Tag: Periodic table

Ionization energy

Ionization energy

Ionization energy

10/25/16

“How can we measure the amount of energy needed to remove an electron from an atom?”

From common knowledge, we know that if we want to remove an object, it would require energy. So it would logically follow that if we would want to remove an electron from the orbit of an atom, it would require energy as well. Now since atoms come in a diffuse number of sizes as a result of the different combinations of protons and electrons, how can we find a pattern to quantify which elements require more energy to remove an electron? Well, let’s think about it. As mentioned earlier, each atom will come in a different number of sizes. Furthermore, it can be observed that the larger the size, the more decrepit the hold of the nucleus will be on the orbiting electrons. From this reasoning, we can deduce that the larger the radius, the smaller amount of energy would be required to take an electron. This phenomena is termed Ionization energy, and to observe the pattern for ionization energy, one simply has to remember that since ionization energy is inverse to the size of an element, the further up and right one goes on the periodic table, the stronger the hold of the nucleus on the electrons will be. As a result, elements on the left side of the periodic table tend to be better oxidizers since it does not take too much energy to ionize them, while the opposite is true for elements further to the right side of the periodic table.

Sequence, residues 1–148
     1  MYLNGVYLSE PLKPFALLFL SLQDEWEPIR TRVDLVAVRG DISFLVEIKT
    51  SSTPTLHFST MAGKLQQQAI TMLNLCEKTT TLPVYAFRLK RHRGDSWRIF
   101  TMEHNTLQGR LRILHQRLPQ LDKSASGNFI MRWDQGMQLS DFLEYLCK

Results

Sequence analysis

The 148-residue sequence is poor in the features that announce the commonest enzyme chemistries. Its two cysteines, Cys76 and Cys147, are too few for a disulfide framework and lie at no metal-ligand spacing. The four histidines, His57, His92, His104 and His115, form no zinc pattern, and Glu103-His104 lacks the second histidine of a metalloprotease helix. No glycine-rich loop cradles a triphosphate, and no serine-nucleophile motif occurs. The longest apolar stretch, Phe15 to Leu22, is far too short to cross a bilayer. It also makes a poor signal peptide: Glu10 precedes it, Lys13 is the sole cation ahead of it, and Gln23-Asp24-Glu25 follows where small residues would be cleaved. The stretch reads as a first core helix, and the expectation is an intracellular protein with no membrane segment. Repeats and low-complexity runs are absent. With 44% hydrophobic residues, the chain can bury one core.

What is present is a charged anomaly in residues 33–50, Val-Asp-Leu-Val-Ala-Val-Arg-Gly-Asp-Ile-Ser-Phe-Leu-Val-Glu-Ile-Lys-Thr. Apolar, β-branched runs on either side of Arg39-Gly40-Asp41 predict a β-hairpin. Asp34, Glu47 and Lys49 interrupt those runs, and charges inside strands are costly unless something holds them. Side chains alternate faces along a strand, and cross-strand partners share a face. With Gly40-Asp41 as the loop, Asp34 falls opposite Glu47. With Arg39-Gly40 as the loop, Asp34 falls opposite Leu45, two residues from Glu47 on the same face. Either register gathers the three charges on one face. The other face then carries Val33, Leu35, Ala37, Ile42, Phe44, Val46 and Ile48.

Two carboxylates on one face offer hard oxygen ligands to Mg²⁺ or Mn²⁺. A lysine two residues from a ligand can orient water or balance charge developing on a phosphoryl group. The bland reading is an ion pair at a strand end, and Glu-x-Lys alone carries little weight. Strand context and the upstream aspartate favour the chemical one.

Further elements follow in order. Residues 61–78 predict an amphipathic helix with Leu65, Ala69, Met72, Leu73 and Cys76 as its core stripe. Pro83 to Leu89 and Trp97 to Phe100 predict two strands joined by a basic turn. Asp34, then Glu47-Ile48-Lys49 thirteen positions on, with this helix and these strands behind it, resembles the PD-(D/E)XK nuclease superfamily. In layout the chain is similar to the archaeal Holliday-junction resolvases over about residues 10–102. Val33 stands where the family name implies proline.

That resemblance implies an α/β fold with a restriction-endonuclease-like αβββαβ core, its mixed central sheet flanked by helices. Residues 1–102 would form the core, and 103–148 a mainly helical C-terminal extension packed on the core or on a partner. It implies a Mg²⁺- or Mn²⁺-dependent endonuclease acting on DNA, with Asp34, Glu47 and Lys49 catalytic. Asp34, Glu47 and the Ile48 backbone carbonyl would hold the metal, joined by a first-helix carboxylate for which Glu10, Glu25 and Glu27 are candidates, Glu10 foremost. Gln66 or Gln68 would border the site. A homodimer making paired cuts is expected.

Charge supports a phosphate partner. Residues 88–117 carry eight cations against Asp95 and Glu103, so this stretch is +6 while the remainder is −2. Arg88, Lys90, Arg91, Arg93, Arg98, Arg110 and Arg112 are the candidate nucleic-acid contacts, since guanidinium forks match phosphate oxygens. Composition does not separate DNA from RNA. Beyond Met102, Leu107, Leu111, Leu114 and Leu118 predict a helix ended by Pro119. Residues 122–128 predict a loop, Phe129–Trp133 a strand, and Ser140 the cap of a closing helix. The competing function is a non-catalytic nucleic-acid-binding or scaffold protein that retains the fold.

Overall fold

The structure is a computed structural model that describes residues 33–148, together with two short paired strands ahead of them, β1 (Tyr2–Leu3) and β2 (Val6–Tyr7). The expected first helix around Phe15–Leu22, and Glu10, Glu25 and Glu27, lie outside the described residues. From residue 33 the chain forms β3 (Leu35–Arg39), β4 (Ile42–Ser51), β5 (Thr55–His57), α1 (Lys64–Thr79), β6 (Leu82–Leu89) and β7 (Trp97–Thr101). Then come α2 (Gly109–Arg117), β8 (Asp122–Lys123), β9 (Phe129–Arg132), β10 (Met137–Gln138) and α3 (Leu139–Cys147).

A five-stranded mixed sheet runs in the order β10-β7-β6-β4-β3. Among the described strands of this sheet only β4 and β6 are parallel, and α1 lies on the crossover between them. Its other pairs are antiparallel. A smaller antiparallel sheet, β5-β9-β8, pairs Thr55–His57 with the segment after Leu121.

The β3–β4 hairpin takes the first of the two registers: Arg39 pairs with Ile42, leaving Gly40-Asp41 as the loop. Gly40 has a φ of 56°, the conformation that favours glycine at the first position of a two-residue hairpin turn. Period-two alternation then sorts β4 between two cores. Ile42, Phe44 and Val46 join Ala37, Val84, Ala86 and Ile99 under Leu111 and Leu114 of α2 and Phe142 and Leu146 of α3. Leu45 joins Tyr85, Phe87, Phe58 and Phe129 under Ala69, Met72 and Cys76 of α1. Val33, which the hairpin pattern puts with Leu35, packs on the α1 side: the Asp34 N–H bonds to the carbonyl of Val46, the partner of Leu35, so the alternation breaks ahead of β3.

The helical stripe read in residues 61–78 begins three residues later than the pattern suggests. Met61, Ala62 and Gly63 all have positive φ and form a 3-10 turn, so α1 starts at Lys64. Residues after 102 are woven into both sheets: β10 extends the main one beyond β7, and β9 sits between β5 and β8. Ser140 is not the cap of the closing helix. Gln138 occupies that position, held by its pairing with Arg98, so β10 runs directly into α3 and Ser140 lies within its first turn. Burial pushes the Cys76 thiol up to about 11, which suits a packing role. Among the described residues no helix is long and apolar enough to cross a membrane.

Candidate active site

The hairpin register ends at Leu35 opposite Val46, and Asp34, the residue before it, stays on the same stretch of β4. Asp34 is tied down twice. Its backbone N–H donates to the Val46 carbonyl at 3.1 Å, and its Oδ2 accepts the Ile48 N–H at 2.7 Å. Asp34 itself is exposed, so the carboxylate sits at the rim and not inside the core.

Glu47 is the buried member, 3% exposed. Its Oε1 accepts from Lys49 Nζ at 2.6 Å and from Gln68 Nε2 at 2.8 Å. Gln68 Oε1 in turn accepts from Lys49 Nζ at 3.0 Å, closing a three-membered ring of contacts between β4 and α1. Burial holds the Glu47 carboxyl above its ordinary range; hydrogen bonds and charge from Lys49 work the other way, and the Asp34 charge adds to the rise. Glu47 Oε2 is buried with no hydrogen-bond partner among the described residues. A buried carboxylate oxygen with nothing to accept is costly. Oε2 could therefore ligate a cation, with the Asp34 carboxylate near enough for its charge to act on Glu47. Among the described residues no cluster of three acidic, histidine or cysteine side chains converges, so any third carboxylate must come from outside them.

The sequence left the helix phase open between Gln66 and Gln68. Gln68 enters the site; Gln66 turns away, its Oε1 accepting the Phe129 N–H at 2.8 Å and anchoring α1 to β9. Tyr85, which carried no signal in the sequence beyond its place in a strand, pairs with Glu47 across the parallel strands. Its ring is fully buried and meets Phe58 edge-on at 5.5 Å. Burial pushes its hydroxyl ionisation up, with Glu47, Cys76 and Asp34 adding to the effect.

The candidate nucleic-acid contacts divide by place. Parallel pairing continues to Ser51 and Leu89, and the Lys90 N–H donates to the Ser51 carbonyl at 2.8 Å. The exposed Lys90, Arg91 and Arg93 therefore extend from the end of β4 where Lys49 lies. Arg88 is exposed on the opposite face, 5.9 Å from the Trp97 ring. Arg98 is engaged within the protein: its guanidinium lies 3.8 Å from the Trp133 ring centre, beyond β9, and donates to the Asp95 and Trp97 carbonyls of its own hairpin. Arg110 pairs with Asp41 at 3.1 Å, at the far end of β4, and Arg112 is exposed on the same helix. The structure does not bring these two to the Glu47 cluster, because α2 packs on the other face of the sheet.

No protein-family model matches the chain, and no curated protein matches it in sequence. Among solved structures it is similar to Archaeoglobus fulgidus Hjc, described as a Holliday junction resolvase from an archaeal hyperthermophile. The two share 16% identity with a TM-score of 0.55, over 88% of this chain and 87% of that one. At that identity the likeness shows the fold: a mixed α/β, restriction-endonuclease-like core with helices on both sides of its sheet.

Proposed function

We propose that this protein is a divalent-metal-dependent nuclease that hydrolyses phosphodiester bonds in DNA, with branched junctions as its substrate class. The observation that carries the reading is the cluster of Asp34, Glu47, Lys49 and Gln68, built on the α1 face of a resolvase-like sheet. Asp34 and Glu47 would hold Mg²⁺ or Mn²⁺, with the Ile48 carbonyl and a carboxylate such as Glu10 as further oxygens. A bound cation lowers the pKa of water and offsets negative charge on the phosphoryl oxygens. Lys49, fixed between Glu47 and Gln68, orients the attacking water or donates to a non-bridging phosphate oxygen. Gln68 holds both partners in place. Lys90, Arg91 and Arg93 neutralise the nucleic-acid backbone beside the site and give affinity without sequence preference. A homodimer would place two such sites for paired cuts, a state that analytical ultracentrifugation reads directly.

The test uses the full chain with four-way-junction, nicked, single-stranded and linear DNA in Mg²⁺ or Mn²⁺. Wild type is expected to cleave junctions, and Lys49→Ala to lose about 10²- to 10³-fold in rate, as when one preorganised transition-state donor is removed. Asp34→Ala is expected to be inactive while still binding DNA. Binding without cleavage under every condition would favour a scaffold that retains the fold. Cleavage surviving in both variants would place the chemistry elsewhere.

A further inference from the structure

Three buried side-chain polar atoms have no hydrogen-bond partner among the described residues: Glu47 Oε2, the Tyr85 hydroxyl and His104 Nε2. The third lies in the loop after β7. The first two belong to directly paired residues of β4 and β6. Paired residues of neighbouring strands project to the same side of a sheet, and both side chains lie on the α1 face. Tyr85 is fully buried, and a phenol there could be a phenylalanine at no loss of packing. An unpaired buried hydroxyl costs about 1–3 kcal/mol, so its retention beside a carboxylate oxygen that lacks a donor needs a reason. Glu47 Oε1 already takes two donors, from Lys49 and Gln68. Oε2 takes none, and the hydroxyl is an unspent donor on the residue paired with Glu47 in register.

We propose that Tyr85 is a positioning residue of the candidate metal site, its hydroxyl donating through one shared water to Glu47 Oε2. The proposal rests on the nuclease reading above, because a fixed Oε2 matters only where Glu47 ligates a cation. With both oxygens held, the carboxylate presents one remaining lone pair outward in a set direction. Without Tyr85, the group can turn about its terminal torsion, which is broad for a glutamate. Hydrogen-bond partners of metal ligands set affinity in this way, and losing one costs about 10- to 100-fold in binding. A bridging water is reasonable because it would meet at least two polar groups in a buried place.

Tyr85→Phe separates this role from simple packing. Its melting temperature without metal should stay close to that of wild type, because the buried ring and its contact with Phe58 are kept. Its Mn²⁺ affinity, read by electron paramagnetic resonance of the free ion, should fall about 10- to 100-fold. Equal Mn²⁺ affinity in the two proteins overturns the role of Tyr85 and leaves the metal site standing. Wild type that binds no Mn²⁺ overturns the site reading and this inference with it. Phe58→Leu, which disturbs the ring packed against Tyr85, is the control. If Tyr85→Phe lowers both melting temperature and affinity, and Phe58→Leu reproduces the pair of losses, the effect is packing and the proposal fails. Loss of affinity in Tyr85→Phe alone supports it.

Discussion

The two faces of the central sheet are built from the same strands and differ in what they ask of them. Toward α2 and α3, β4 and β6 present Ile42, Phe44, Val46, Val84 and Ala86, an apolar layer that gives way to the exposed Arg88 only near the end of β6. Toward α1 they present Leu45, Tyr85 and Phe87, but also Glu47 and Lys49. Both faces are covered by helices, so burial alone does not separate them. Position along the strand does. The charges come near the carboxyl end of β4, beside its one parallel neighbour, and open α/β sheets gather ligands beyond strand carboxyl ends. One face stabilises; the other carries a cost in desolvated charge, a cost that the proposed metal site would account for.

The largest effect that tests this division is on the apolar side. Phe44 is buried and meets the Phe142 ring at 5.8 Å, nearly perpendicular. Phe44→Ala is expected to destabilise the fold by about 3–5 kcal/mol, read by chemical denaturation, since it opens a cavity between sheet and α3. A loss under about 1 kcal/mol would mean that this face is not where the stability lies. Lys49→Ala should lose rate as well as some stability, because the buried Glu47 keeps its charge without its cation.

Electron affinity

Electron affinity

Electron affinity

10/23/16

“How can we measure the energy used when an electron is added?”

 

We know that the energy of an atom changes when an electron is added. But how can we measure so? Well, we know that electrons are always placed into orbitals. And we know that an element’s oxidation state is contingent upon the numbers of orbitals filled. And on top of that, the more orbital shells are filled, the smaller the radius becomes, therefore magnifying the force. So wouldn’t it make sense that it is easier for an electron if most of the valence shells are filled? Therefore, electrons become easier to add the higher occupancy of orbitals.This makes sense because as we move from left to right, elements tend to become more negative in their reactions. Scientists have termed this principle electron affinity.

Abbreviated electron configuration

Abbreviated electron configuration

Abbreviated electron configuration

10/15/16

“What is a simpler way to present electron configuration?”

 

Electron configuration is one of the most fundamental aspects of chemistry. However, it is also one of the most tedious. Why would you want to write series and series of numbers and letters just to represent one element? Well, how about we look at some patterns in the periodic table to help us out. We know that orbitals are only completed when all of the subshells in that level have been filled, and this phenomena only occurs in non-ionized noble gases. An when we advance past a particular noble gas on the periodic table, the whole naming process will start over again (for example, after helium [He] the second orbital will start,and after neon [Ne] the third will start). Since we would know all of the subshells filled up to that point, how about we just list the subshells that come after the last noble gas? For example, titanium [Ti] will become [Ar] 4s2 3d2. This notation is much easier to read and understand than the old drawn out notation.

 

Well, luckily for us, chemists tend to be a fairly intelligent people, so they have instrumented a system known as abbreviated electron configuration to help us. Abbreviated electron configuration

Lithium

Lithium

Lithium

Isaac Gendler

08/17/16

“What are some special properties of Lithium?”